Thursday, February 17, 2011

Quotes of the day

By the time Shakespeare turned to writing, these “cultural paywalls” were abundant in London: workers holding moneyboxes (bearing the distinctive knobs found by the archaeologists) stood at the entrances of a growing number of outdoor playhouses, collecting a penny for admission. At day’s end, actors and theater owners smashed open the earthenware moneyboxes and divided the daily take. From those proceeds dramatists were paid to write new plays. For the first time ever, it was possible to earn a living writing for the public. Money changed everything. Almost overnight, a wave of brilliant dramatists emerged, including Christopher Marlowe, Thomas Kyd, Ben Jonson and Shakespeare. These talents and many comparable and lesser lights had found the opportunity, the conditions and the money to pursue their craft. The stark findings of this experiment? As with much else, literary talent often remains undeveloped unless markets reward it.--SCOTT TUROW, PAUL AIKEN and JAMES SHAPIRO

I envisioned myself as the Great Carbon-Based Hope against a new generation of thinking machines—which, if Hollywood is to believed, will inevitably run amok, build unstoppable robot shells, and destroy us all. But at IBM's Thomas J. Watson Research Lab, an Eero Saarinen-designed fortress in the snowy wilds of New York's Westchester County, where the shows taped last month, I wasn't the hero at all. I was the villain.--Ken Jennings

I, for one, welcome our new computer overlords.--Ken Jennings

A bettor playing Gulfstream Park's races last month cashed a ticket that was almost unprecedented in U. S. parimutuel wagering. He collected $221,677 for a winning combination that cost 10 cents. The wager, dubbed the Rainbow Six, represents an innovation sweeping the sport: the microbet. Whereas the $2 bet once was the industry's standard, and most exotic wagers have been sold in $1 units, many tracks have begun to offer smaller bets.--Andrew Beyer

Work on your impulse control. ... Just try and think things through a little bit before you do them.--Charlie Sheen's advice to Lindsay Lohan

Did I just quote Ben Franklin and Whitney Houston while thinking about the Bible? I am the worst parent ever.--Jon Acuff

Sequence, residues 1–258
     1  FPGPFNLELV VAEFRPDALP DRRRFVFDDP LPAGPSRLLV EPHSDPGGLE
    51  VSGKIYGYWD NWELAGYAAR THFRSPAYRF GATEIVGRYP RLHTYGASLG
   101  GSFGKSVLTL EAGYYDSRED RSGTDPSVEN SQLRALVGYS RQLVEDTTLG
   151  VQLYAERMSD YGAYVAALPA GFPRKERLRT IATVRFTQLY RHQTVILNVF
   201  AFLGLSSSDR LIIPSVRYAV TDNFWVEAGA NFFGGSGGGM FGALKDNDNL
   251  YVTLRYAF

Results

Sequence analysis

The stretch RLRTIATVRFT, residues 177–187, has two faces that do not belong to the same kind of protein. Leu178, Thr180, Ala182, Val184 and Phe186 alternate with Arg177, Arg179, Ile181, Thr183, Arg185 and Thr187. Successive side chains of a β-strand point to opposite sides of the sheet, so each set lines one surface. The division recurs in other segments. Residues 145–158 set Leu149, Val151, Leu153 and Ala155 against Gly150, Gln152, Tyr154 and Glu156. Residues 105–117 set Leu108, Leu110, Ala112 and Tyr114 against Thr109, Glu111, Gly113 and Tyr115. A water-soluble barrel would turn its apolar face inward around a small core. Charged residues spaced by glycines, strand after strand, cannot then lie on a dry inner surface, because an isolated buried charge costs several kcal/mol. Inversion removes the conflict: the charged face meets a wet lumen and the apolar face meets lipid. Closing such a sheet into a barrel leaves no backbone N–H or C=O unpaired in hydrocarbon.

I hereby dissent from the dissent from the dissent. My dissent is different from all those other dissents, which is why I am dissenting.--Michael Lewis

The mortgage people didn’t see any problems because there’d never been a default, except for one manufactured housing (mobile home) deal in the early 1990’s in California.--John Paulson

The reason I find this so striking is that this is the same sort of thing we’re now hearing about muni-bonds. The “muni people” are pretty much united in the view that munis are safe, that talk of large losses is irresponsible and the product of novice minds looking at a market they don’t understand. After all, investment grade munis never default. I’m worried that the same kind of tunnel vision that blinded so many of the smartest minds on Wall Street to the fragility of the mortgage market may be operating in munis.--John Carney

A homeowner has begun foreclosure proceedings on a local Wells Fargo Office in Pennsylvania.--Ash Bennington

In a small flat in the German town of Erlangen in February 2003, an out-of-work Iraqi sat down with his wife to watch one of the world's most powerful men deliver the speech of his career on live TV. As US secretary of state, Colin Powell gathered his notes in front of the United Nations security council, the man watching — Rafid Ahmed Alwan al-Janabi, known to the west's intelligence services as "Curveball" — had more than an inkling of what was to come. He was, after all, Powell's main source, a man his German handlers had feted as a new "Deep throat" — an agent so pivotal that he could bring down a government. As Curveball watched Powell make the US case to invade Iraq, he was hiding an admission that he has not made until now: that nearly every word he had told his interrogators from Germany's secret service, the BND, was a lie.--Martin Chulov and Helen Pidd

The revolution in Egypt has reopened a long-simmering debate about the “freedom agenda” that animated George W. Bush’s presidency. Was he right after all, as his supporters have argued? Are they claiming credit he does not deserve? And has President Obama picked up the mantle of democracy and made it his own?--Peter Baker

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